With lighter attendance or cancellation of defense industry trade shows, defense contractors can continue to make connections and network effectively with LinkedIn Groups.
Facing certain defense industry budget cuts and uncertain economic times, the defense industry's reliance on and use of trade shows is decreasing.
AOL Defense describes the situation this way:
The future of association military trade shows and even military conferences that require travel -- even to suburban Washington -- has become cloudy at best.
And while face-to-face networking is still extremely important in the defense industry, the ability to do that is becoming more difficult.
Fortunately, LinkedIn Groups offers defense industry professionals the chance to interact with one another, network and build and strengthen relationships. Many defense industry professionals are already using LinkedIn Groups. In fact, one of the defense industry groups to which I belong on LinkedIn, Defense & Aerospace, recently crossed the 50,000 member threshold.
Here is a short video to introduce or reacquaint you with LinkedIn Groups:
Despite the millions of people who belong to LinkedIn Groups, many are either a) not taking advantage of the networking opportunities, or b) not doing it right.
In a post by Anum Hussein on LinkedIn's blog, she outlines the best practices for using LinkedIn Groups with "7 Ways Marketers Can Benefit from Participating in LinkedIn Groups"...
- Join Groups Pertinent to Your Industry
- Become a Top Influencer
- Start a Poll
- Start a Discussion
- Share Through Other Social Networks
- Measure the Results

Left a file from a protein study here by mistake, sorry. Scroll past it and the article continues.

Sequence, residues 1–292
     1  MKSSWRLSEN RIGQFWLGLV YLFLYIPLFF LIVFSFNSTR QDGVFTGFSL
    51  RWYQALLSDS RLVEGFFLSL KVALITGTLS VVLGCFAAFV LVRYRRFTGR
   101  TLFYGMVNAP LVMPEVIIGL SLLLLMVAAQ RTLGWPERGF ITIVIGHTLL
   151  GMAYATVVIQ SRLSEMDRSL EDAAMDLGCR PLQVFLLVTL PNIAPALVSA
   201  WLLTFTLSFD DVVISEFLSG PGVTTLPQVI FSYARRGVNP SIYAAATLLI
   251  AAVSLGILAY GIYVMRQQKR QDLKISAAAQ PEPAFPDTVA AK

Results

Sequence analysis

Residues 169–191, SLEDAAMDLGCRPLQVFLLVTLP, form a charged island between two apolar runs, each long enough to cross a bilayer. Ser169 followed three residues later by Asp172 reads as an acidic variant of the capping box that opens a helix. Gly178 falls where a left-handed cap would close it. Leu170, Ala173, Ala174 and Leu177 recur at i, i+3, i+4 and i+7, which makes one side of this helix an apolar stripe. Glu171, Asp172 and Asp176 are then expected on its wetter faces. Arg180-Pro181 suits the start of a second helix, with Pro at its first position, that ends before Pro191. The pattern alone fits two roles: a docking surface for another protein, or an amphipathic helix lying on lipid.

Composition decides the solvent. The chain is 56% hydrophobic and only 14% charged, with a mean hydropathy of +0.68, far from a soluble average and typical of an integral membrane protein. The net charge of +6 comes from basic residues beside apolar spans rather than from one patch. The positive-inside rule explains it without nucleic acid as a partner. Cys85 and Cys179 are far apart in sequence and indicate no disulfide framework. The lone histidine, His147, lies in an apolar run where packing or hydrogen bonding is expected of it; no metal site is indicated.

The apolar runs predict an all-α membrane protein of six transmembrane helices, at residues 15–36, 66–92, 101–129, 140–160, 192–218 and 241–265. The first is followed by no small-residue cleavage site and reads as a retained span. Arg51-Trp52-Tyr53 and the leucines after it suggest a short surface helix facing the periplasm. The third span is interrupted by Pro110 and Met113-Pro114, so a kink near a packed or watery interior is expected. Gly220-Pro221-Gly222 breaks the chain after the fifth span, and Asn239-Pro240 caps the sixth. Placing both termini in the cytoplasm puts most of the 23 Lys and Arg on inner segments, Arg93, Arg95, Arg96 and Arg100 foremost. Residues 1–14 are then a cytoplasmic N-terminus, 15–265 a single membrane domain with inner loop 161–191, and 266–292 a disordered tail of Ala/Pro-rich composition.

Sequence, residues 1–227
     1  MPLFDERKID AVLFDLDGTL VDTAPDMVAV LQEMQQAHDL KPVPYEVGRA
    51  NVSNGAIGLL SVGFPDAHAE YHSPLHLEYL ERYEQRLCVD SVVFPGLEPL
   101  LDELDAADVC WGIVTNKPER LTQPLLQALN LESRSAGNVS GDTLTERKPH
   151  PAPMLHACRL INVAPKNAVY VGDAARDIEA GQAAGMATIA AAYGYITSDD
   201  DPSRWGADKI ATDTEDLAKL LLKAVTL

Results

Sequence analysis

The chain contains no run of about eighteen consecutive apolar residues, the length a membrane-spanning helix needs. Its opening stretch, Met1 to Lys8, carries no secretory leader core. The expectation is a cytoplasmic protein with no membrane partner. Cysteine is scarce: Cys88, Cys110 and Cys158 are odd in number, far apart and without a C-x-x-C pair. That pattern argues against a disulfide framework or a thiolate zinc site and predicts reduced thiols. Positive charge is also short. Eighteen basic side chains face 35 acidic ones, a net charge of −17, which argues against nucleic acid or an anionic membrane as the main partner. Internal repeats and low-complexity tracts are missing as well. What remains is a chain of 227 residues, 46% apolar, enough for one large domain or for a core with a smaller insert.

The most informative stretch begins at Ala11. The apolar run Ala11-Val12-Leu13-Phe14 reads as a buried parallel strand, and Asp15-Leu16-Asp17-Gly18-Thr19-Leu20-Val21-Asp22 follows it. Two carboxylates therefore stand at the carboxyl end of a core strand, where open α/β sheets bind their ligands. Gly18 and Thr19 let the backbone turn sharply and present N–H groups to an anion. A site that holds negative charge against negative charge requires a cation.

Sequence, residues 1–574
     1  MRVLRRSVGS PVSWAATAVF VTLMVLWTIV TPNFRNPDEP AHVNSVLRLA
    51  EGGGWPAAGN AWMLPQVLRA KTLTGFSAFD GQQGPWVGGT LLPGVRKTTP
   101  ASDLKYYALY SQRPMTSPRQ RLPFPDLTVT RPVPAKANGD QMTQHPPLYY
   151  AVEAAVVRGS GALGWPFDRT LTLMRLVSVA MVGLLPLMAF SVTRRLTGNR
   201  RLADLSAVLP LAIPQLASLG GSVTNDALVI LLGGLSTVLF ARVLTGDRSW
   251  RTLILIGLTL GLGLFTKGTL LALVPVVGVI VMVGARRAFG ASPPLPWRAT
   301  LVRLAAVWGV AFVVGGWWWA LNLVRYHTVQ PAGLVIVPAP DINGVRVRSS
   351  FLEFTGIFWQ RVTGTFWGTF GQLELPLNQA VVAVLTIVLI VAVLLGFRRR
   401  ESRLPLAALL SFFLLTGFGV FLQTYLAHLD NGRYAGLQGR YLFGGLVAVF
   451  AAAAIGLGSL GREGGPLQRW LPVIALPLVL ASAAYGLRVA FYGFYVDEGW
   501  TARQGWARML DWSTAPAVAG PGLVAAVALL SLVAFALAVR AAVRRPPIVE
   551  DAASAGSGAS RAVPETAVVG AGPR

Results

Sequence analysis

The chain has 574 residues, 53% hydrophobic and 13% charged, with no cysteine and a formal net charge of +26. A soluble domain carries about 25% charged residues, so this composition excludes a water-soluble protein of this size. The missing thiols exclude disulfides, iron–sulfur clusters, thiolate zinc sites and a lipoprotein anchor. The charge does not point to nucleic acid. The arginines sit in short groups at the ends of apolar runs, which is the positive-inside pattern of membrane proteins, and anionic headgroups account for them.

And to get further up to speed on LinkedIn marketing, you can check out three HubSpot webinars, "How to Master LinkedIn for Marketing" with Scott Engelman, Director of Online Marketing at LinkedIn. The webinars are free and available on demand.
One word of caution about marketing with LinkedIn Groups: Don't start a new group as a first step. To be a successful group, it takes a lot of work. In "The B2B Social Media Book" by Kipp Bodnar and Jeffrey L. Cohen, they explain...
Before starting your own group, spend time in other groups and watch how a well-managed group runs. A new group needs to recruit members, have an active community manager, have an industry focus that is larger than the sponsoring company, and have an editorial calendar, or plan, to keep the group membership active with information to comment on.
- Choose a narrow niche and specialty category
- Create a group description that includes the name of your target market and your specialty category
- Make your group an open group with member pre-approval
- Closely manage and monitor your group
- Position yourself as the leader of the group
- Promote your group to build your membership
Related to that last point (#6) on promoting your group, here is a post from the Content Marketing Institute on advance techniques on getting the word out, "5 LinkedIn Group B2B Content Marketing Tips."